Global warming over the last two decades is one of the major reasons that the English Fizz can compete with Champagne.
The other major consideration is geologic in that parts of the east coast of England are made up of the same soils as the soils in Champagne. Remember how the French believe in the concept of terroir, that magical word that encompasses soil, climate, elevation…in fact every factor that bears on the growth of the vine is part of the concept of terroir. The single most important aspect of terroir is the makeup of the soil.
That fact was brilliantly demonstrated to me when I was visiting a vineyard in Burgundy. Here in the eleventh century, the concept of terroir was first espoused by Cistercian monks. The monks noted that better wines were derived from different areas of the same vineyard that lead them to classify the best growing regions as Grand Cru vineyards and the not-so-good as Premier Cru vineyards and the least favorable as the Villages vineyards.
There are parts of northern Burgundy (Chablis) that are almost on the same parallel as the southernmost regions of Champagne ( the Aube) so you can imagine how entrenched those concepts of terroir are to the wine growers in Champagne.
The other major reason that English sparkling wine can compete with Champagne is that both wines are grown on the same soil type.
At varying periods in the earth’s history (almost 150 -200 million years ago) portions of Europe were covered by shallow seas. At that time both Champagne and the east coast of England were underwater in what was then called the Paris basin. The sedimentary soils were made up largely by the calcified exoskeletons of crustaceans that formed ammonite and oyster shells.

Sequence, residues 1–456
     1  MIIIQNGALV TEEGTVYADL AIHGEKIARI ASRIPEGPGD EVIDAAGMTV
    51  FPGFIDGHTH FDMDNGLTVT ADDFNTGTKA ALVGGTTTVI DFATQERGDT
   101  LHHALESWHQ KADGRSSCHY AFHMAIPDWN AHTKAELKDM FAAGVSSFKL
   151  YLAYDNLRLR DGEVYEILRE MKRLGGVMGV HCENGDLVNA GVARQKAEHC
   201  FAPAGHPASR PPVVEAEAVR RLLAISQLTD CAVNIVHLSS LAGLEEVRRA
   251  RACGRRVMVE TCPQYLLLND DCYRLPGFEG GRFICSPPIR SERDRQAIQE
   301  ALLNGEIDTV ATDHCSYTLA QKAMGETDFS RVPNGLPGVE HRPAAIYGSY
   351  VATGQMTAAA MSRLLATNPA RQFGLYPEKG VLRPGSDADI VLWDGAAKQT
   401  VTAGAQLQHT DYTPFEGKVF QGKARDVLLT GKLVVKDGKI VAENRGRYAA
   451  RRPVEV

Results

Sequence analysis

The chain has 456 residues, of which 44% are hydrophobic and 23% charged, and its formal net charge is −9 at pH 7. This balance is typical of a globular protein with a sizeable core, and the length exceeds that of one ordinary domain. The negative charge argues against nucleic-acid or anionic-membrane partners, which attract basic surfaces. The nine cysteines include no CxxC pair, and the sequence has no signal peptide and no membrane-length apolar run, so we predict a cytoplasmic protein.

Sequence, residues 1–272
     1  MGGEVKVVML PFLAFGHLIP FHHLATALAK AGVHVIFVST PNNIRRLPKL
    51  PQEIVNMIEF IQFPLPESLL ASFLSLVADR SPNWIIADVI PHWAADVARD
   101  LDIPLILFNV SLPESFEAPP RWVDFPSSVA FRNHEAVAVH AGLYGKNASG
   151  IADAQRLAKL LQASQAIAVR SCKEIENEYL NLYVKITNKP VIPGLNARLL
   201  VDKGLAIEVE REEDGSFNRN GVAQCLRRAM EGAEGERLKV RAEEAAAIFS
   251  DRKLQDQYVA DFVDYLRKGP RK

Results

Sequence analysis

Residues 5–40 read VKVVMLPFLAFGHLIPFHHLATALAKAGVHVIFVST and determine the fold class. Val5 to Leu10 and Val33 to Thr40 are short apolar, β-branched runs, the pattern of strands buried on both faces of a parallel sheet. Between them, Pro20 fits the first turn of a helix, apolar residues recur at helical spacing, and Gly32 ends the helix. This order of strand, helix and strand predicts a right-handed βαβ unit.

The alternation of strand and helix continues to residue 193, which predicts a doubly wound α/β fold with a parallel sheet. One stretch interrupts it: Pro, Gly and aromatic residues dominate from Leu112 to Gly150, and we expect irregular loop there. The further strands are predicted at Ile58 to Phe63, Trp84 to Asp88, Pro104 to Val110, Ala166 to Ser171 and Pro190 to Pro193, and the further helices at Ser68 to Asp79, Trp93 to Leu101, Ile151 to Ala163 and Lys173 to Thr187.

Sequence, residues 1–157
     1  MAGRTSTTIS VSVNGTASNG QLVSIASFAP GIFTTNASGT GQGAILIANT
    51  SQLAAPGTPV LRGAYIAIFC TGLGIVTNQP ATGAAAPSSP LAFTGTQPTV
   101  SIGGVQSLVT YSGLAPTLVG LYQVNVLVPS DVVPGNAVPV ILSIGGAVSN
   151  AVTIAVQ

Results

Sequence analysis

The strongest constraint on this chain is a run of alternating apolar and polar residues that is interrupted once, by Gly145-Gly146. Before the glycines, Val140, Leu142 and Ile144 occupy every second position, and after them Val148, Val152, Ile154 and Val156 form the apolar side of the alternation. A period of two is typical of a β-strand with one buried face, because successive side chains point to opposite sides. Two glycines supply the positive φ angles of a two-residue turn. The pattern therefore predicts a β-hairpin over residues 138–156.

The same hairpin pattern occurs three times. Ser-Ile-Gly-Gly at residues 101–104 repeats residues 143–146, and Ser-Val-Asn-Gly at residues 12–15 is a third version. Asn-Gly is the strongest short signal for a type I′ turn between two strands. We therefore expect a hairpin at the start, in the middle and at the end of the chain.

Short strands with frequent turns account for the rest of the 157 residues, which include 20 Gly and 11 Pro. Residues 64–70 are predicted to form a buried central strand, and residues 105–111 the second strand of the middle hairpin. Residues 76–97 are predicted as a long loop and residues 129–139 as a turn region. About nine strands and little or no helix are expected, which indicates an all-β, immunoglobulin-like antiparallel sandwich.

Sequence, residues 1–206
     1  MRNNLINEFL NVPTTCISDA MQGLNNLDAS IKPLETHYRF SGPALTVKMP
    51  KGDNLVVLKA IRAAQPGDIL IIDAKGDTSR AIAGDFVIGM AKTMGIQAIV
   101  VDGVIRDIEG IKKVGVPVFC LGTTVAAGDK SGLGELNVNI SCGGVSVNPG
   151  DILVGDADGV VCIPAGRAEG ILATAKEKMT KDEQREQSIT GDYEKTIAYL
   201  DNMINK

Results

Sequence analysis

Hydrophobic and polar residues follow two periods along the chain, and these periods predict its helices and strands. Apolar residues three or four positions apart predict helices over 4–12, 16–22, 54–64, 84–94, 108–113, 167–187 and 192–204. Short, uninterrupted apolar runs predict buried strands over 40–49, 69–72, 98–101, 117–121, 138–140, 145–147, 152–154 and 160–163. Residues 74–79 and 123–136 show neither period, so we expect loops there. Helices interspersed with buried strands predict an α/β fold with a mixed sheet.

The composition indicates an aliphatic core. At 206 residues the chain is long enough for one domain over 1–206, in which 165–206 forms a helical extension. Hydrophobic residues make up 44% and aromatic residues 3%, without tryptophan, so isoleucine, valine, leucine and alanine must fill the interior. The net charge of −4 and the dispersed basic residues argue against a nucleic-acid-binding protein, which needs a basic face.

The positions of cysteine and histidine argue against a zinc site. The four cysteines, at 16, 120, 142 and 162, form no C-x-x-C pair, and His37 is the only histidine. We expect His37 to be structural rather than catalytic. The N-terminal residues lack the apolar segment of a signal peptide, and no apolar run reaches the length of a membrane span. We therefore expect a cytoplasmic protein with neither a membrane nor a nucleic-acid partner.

The resulting chalky soils have two major qualities that are good for grape growing. One is that chalky soils drain well, vines hate to have wet feet; the second almost paradoxical quality is that the soil has great water holding capacity. These two factors are believed (mostly by the French) to be responsible for the great acidity that accompanies the grapes as they barely ripen in these soils.
The people of the Champagne region, the Champenois, would have you believe that the Champagne you drink is an expression of the terroir and that very fact makes Champagne so unique that only wines grown in the Champagne region can be called Champagne, a marketing coup that has enabled the French to dominate sparkling wine production world wide in the last two hundred years.
The shared soil and the now shared climate helps understand how English sparkling wine is able to make a dent in the otherwise impenetrable Champagne market.
And so, to answer the question of what to buy this New Year’s Eve when faced with the myriad choices of sparkling wines? I say don’t waste your money on Champagne. Drink Virginia sparkling wine from Virginia Sparkling Company and save a ton.
Cheers and Happy New Year!
Thanks Andrew! Now I will have to look for some English Fizz. I know the Romans made wine in England all those years ago but no idea how good it was.
Happy Ne w Year!